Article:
In Orissa’s ‘liberated’ zone, two villages take on the Maoists
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Armed with an axe, Rukmani Majhi, 45, of Gatibeda village in Sunabeda wildlife sanctuary area, takes a break from household chores every evening to take position on a "morcha" (a fortified platform), along with other men and women of her village, all armed with traditional weapons like bows and arrows, to watch out for Maoists.
For the first time since 2008, when Maoists set up base in the area, two villages on the Orissa-Chhattisgarh border, Sunabeda and Gatibeda in Nuapada district — a part of the "liberated" zone — have taken up arms against them. The two villages together have a population of around 4,000, mostly belonging to the Chakotia Bhunjia tribe.
While no district administration official or local police would venture into the area earlier, the Central Reserve Police Force's (CRPF) CoBRA and Orissa Police's Special Operations Group (SOG) personnel have been camping in the Sunabeda forest rest house since December.
Officials said the change was due to the successful elections in Chhattisgarh. The Maoists had threatened to disrupt the Chhattisgarh polls. But other than some minor incidents, the elections were conducted successfully. According to officials, after the Chhattisgarh polls, people in the two villages started to stand up to Maoists, refusing them food, shelter or any other help.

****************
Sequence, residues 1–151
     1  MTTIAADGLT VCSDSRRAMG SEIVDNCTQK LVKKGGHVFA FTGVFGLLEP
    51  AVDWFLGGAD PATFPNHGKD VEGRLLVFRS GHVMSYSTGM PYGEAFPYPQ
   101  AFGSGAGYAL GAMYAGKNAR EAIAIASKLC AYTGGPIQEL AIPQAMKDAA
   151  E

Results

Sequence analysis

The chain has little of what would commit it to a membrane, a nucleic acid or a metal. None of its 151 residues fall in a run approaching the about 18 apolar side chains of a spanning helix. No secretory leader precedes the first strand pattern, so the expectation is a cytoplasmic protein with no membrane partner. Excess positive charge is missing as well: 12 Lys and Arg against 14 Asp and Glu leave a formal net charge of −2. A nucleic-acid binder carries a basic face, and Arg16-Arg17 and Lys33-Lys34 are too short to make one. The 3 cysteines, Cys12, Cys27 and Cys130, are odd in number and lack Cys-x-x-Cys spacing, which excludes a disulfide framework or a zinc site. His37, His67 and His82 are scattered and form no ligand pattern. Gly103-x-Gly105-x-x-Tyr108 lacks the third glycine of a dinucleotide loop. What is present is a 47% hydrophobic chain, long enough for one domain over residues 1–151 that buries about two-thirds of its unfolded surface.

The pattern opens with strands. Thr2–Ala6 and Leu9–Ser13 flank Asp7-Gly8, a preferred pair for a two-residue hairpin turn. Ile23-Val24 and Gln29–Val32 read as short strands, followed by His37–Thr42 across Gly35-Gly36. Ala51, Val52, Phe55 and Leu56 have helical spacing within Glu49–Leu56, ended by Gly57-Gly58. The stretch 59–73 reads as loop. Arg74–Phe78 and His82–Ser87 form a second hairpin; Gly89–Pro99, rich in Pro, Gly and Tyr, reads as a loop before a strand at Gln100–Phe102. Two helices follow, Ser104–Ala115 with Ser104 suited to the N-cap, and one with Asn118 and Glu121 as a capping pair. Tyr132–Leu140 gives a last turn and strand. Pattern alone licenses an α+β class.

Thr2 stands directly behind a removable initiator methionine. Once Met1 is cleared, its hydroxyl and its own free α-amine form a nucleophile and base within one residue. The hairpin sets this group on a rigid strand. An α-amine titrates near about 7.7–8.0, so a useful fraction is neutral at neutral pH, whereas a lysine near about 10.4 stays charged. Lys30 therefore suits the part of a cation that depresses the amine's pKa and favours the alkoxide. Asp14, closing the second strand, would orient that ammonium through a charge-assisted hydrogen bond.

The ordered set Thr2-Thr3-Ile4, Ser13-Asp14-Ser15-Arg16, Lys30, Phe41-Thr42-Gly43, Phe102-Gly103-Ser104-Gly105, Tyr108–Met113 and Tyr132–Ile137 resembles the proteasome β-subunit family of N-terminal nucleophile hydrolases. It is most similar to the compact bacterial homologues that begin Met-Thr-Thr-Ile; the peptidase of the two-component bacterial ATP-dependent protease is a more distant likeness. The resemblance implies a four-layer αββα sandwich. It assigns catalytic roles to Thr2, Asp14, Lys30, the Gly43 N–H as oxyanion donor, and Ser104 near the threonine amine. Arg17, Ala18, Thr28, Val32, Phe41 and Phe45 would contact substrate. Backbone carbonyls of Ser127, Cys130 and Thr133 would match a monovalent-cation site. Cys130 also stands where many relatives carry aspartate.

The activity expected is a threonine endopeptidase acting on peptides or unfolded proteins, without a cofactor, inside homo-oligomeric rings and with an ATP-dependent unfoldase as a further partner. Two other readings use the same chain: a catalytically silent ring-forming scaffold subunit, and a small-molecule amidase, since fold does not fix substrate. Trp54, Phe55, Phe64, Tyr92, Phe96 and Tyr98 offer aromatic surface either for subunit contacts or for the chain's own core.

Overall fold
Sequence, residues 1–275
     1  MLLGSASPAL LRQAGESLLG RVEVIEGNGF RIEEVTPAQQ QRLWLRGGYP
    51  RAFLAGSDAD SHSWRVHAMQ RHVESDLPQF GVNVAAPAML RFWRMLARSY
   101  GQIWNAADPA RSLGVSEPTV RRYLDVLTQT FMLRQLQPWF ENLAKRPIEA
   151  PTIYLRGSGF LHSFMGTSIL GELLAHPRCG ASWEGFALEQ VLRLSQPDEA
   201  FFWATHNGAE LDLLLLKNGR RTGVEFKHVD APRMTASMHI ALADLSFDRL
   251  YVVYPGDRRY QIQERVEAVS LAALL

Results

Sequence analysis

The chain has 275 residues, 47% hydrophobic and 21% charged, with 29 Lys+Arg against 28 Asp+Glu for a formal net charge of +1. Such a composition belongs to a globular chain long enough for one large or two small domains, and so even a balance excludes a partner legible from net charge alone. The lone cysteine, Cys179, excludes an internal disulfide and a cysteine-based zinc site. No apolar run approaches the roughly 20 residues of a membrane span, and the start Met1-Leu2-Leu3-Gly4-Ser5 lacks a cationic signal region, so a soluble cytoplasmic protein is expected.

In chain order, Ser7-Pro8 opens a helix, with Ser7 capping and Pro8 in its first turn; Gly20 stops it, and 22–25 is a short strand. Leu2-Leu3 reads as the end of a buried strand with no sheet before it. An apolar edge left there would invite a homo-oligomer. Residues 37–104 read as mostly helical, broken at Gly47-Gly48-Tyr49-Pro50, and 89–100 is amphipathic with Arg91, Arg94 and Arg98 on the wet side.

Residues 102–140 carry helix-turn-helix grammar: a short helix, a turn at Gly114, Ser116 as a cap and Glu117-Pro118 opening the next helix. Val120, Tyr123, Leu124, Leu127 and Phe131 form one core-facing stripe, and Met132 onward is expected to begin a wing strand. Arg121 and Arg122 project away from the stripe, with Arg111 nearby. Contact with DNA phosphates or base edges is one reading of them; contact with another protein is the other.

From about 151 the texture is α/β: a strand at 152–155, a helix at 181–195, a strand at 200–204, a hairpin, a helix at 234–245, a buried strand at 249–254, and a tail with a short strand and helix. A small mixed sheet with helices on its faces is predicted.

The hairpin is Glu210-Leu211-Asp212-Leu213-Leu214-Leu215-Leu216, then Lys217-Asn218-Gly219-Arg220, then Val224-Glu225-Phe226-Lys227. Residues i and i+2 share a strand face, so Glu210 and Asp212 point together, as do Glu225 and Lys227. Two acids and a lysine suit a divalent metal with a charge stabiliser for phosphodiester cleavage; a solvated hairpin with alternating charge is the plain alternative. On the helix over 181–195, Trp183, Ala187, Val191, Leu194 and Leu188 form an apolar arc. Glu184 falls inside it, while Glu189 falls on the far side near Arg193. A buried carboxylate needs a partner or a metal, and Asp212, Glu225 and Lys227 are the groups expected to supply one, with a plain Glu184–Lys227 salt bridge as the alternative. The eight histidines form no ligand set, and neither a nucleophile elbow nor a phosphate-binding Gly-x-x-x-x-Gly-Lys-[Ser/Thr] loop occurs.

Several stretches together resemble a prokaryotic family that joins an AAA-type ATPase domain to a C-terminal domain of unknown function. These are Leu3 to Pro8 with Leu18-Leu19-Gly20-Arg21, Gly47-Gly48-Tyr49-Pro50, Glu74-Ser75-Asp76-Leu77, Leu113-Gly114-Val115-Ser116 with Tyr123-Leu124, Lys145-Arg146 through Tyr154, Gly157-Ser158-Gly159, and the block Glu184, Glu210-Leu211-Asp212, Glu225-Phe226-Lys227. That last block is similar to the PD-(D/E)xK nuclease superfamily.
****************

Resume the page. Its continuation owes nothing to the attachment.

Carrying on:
"This is the first time that we are seeing such resistance against Maoists anywhere in the country. Not everyone wants to help them, but they were doing so till now out of fear. After the Chhattisgarh elections, we got information that locals were rising against the Maoists. It was a conscious strategy to set up camps there, they have to be protected too," said Dilip Trivedi, DG, CRPF.
"When news of the successful polls reached other states, it was taken as a failure on the part of the Maoists. These two villages started resisting the Maoists and also put up a fight against them with bows and arrows," said a senior officer.